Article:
In this event, Kremer will sit down with David Evans, Senior Fellow at CGD, to discuss the implications of the 2019 Nobel Prize for economics and development, as well as his wide array of initiatives. We will host an informal reception following the discussion.
For several years, Africa has gained a reputation as the next frontier for tech and social enterprises. In reality, the startup economy is growing with more and more venture capital firms making greater investments on the continent. According to Partech, more than $1 billion was raised by African tech startups in 2018. Increasing investment in startups and small businesses bodes well for countries as it often means increasing employment opportunities through job creation. For the African diaspora, participating in Africa's growth through investment in business is a critical opportunity. When Africans in the diaspora invest in their continent, they contribute to improving prosperity and empowering fellow Africans to fulfill their potential and achieve economic and social progress. At this Dialogue, Chinedu Enekwe addresses the role venture capital, and the African diaspora, can play in growing the African economy. He offers his experience and wisdom in launching your startup in Africa and securing venture capital funds.
Global development is increasingly intertwined with state fragility. Poverty is becoming concentrated in fragile states, and conflict, violent extremism, and environmental stresses can emerge from and be exacerbated by fragility. As a result, many donors, including the United States, are reflecting on lessons of the past to rethink how they can better help fragile states address the underlying causes of fragility, build peace and stability, and cope with complex risks.
Please join us for the launch of a new CGD working group report, Focusing on Fragility: The Future of US Assistance to Fragile States, featuring a conversation with Michèle Flournoy, a preeminent thinker on US engagement in fragile states. Her leadership at the US Department of Defense from 2009 to 2012, along with her work advancing pragmatic and principled national security policies, have been critical in reshaping the US approach to fragile states in a pivotal era.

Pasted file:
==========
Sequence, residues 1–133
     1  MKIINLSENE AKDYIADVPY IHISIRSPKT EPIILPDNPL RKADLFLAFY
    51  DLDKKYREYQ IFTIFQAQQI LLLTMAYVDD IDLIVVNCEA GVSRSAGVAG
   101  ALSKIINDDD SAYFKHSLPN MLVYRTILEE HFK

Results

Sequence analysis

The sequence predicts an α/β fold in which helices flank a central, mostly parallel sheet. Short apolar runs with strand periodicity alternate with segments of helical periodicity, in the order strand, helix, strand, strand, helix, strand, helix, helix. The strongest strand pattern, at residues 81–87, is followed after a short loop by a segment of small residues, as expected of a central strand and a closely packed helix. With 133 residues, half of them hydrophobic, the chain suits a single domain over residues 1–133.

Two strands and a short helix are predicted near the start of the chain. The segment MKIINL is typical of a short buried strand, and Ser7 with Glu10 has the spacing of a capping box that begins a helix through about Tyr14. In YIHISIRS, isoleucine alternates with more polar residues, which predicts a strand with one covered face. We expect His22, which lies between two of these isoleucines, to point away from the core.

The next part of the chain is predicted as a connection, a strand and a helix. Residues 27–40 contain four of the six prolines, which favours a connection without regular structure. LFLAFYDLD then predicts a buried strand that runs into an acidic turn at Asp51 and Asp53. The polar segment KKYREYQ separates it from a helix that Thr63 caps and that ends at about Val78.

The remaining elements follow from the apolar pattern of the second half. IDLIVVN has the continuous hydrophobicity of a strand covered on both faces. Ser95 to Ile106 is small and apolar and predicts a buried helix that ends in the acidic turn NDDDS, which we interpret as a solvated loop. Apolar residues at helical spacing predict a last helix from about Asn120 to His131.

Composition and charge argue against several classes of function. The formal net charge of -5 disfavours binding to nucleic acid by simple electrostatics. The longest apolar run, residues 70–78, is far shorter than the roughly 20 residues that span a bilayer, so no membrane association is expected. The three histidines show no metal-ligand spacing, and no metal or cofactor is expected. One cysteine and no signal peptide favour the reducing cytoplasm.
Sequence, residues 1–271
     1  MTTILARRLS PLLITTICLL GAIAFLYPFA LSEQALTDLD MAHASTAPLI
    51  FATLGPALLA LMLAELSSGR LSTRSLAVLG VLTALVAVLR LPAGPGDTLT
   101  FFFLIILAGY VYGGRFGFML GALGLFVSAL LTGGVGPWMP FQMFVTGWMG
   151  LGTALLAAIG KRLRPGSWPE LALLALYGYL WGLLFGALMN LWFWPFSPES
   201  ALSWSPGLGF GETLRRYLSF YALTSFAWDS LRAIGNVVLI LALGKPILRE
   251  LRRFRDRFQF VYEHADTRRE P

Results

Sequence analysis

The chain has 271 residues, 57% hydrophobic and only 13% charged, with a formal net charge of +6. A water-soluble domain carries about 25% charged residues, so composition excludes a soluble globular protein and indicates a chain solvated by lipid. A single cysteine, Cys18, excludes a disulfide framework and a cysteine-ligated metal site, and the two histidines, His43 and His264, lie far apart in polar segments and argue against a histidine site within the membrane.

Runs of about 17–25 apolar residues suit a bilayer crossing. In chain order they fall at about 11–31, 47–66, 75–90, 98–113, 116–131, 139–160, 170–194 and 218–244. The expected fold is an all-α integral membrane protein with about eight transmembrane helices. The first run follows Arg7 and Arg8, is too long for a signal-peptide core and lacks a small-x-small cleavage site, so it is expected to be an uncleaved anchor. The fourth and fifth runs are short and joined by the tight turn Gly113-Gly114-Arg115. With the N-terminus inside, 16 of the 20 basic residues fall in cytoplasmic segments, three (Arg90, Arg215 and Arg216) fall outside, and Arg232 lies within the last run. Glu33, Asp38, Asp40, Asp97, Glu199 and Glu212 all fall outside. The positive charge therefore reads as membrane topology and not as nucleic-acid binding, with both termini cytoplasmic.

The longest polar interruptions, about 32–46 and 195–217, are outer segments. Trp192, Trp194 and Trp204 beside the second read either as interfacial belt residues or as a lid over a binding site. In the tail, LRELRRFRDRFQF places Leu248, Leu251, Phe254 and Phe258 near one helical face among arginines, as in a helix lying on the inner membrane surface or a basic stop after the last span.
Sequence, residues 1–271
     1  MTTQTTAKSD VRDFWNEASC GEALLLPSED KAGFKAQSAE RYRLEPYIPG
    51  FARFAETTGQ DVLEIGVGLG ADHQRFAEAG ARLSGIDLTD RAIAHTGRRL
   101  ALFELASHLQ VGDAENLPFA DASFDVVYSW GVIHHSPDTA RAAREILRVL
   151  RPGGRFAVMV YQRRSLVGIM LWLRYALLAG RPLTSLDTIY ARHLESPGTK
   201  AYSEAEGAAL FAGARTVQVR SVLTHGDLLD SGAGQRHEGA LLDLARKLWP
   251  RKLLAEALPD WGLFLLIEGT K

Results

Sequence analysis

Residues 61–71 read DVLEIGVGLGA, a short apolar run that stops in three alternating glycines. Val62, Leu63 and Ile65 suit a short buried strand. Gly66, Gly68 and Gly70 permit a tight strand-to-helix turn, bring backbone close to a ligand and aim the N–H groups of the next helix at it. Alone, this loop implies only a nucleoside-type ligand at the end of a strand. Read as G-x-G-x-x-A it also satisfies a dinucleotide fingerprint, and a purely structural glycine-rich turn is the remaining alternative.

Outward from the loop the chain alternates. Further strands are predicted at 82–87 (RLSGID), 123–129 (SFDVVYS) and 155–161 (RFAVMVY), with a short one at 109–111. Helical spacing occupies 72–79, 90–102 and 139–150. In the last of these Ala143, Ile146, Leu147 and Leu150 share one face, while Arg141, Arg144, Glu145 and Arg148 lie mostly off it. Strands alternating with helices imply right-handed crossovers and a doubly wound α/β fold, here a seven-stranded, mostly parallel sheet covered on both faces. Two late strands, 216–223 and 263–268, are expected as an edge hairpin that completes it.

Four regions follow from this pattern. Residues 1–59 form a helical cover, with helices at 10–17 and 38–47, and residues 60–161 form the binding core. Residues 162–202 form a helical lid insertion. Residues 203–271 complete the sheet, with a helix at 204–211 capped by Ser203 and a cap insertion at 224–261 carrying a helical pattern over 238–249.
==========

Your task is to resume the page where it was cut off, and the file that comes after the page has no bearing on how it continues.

Following the conversation, a panel will discuss the findings and recommendations of the report which identifies several key constraints to executing a more effective US development policy in fragile states and offers specific ideas for how the US government can more effectively use its development assistance—in conjunction with diplomatic and security assistance tools—in these contexts.
The Center for Global Development is pleased to host Millennium Challenge Corporation Chief Executive Officer, Sean Cairncross, for his first major Washington policy speech since being confirmed in June. Cairncross takes the helm of MCC at a unique time. As the agency strives to remain grounded in its economic growth-focused, results-oriented model, it faces a number of new and exciting opportunities, including the authority to pursue regional investments, the potential for coordination and partnership with the US Development Finance Corporation, and the increased profile afforded by a White House initiative focused on women’s economic empowerment, W-GDP. Following his remarks, Cairncross will sit down with Tony Fratto, former White House deputy press secretary (2006-2009), to discuss these opportunities further as well as the challenges that lie ahead for the agency.